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Non-compliant tourism players put on notice – The Herald

Leonard Ncube

Victoria Falls Reporter

TOURISM industry players have up to October 31 to regularise their operations in terms of foreign agreements and offshore foreign accounts or face penalties by the Reserve Bank of Zimbabwe (RBZ), as nearly half of the operators are said to be flouting the law.

The deadline is an extension from the initial August 31, which was issued through the Monetary Policy Statement where the RBZ directed that tourism operators regularise their foreign agreements and offshore accounts.

Many players in the sector operate offshore accounts in different countries and are legally expected to declare those funds within 90 days of business after which the funds are classified as externalised funds.

The players also enter into tourism agreements with international partners such as travel agents and these agreements should be lodged with the RBZ for monitoring of business and flow of funds.

It has, however, emerged that most tourism players are not doing that hence the RBZ has made the directive, which has been extended to October 31, after it emerged through engagements with the Tourism Business Council of Zimbabwe (TBCZ) that many of the tourism players were not aware of the requirements.

Tourism is one of the major foreign currency earners in the country contributing immensely to the national Gross Domestic Product but there are fears that the sector could be under remitting because of lack of updated statistics on the Central Bank end as a result of lack of compliance.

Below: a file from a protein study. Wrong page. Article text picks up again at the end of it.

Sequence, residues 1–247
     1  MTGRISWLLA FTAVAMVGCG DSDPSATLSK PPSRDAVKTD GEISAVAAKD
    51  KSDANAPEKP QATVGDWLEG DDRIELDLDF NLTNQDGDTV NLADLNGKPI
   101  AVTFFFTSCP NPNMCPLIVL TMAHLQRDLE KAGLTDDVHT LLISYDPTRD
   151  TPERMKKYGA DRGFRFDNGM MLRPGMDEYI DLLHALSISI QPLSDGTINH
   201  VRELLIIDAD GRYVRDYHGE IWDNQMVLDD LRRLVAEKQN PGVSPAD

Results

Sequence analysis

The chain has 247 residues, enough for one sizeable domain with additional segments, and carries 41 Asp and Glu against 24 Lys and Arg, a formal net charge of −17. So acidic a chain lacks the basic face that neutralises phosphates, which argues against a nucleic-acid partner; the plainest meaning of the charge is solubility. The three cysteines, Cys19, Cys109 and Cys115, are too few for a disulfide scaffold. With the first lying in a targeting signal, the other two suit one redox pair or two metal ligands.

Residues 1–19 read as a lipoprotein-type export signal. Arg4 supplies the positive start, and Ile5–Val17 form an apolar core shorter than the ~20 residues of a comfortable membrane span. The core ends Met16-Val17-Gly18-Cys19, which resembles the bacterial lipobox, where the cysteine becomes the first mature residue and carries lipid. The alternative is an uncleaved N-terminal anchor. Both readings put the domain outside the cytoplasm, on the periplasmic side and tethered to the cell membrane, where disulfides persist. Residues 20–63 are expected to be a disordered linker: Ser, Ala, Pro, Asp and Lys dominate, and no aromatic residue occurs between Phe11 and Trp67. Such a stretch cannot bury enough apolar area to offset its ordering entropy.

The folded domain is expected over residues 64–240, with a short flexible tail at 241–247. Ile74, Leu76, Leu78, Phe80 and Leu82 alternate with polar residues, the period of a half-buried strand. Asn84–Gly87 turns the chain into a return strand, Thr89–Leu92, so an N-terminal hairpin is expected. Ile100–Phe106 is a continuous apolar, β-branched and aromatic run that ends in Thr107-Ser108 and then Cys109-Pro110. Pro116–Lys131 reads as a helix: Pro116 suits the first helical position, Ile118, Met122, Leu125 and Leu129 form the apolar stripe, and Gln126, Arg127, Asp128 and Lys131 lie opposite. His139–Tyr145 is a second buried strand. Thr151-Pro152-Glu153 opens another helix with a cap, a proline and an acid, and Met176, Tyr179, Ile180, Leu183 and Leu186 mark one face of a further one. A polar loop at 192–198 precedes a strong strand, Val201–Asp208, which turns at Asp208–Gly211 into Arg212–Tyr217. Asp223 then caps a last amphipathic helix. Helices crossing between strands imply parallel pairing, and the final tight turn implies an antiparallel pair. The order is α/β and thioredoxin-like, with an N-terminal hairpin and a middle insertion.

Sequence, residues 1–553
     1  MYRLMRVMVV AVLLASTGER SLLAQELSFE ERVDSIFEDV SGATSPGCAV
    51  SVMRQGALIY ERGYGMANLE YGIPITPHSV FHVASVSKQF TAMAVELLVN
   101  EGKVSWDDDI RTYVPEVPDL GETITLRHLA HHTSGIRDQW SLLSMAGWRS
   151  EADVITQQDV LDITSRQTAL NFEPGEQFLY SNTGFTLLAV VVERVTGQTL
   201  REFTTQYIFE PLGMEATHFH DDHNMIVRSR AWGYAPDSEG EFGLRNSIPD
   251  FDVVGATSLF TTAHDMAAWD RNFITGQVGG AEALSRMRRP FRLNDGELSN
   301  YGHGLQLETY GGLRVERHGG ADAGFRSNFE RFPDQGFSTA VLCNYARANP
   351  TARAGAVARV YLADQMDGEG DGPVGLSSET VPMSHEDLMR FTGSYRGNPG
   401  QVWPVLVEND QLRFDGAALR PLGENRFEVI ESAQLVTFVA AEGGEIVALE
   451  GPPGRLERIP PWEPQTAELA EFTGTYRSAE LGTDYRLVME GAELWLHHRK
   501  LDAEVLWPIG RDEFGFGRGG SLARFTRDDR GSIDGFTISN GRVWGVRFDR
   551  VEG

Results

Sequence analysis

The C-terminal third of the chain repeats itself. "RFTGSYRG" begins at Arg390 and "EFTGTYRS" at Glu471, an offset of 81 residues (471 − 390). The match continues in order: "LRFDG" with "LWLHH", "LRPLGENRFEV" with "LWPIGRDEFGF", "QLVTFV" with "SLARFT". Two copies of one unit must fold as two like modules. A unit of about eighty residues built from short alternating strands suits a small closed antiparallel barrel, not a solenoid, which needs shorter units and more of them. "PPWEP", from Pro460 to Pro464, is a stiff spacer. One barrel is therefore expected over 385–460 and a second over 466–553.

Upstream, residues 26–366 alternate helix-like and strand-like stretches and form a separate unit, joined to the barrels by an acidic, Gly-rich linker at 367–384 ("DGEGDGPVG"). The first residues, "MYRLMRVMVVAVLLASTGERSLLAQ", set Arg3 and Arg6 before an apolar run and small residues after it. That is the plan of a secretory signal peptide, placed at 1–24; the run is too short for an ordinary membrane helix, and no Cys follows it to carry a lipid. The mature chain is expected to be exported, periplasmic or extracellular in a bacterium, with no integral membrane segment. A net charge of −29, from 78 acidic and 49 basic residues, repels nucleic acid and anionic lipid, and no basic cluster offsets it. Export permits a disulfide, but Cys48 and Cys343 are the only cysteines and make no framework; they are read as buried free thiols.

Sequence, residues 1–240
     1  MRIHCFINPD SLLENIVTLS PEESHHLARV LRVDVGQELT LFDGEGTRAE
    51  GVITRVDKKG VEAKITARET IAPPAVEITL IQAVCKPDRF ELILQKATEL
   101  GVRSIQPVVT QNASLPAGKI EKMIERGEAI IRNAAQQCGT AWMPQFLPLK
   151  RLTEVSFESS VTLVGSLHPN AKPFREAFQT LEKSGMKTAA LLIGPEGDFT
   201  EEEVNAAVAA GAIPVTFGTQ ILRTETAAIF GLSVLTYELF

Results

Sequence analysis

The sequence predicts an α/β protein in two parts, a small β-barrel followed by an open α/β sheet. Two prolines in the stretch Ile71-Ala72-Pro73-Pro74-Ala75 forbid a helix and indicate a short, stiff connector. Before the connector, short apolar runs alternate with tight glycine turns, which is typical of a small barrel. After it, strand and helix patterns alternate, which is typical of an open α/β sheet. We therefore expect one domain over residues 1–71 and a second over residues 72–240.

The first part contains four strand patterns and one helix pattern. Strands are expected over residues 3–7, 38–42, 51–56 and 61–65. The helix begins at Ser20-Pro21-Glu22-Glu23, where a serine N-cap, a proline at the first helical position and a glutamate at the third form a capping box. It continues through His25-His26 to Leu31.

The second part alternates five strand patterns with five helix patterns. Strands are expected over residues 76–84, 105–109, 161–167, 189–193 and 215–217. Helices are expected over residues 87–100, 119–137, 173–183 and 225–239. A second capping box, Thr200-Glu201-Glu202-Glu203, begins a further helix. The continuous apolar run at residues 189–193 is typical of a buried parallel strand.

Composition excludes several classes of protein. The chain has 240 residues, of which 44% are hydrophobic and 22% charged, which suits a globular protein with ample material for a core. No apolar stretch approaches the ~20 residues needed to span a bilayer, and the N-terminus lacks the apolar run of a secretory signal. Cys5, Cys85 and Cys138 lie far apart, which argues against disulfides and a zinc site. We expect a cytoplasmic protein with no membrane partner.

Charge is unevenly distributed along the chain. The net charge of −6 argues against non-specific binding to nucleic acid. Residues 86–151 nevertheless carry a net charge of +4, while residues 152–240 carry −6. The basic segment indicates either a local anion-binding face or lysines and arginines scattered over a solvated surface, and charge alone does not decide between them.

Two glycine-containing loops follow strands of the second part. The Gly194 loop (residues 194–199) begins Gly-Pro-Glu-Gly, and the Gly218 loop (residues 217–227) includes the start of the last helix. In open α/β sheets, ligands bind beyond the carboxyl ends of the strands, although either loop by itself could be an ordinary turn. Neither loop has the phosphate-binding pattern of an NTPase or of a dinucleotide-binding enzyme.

RBZ and TBCZ are conducting workshops to train tourism operators on exchange control policies and administration of offshore accounts and tourism agreements.

The sessions have been held in Harare and Bulawayo and yesterday it was Victoria Falls’ turn. There are about 1 726 registered tourism facilities in the country and that includes restaurants, guest houses, travel agents, hotels, tour operators and hunting operations.

Of these, those registered for TRAS1, a form used by RBZ to monitor operations and for

submission in the non-consumptive sector are only 828, making 52 percent of the total.

This means that 48 percent of tourism operators are not registered with the RBZ and, therefore, not compliant. The reason for non-compliance, according to RBZ principal analyst Mr Godfrey Chokwa, is that some are not aware, some are new and others do not want to comply.

Hence the RBZ has set up a tourism desk to monitor compliance and gather statistics, which is crucial in policy formulation and calculation of Gross Domestic Product.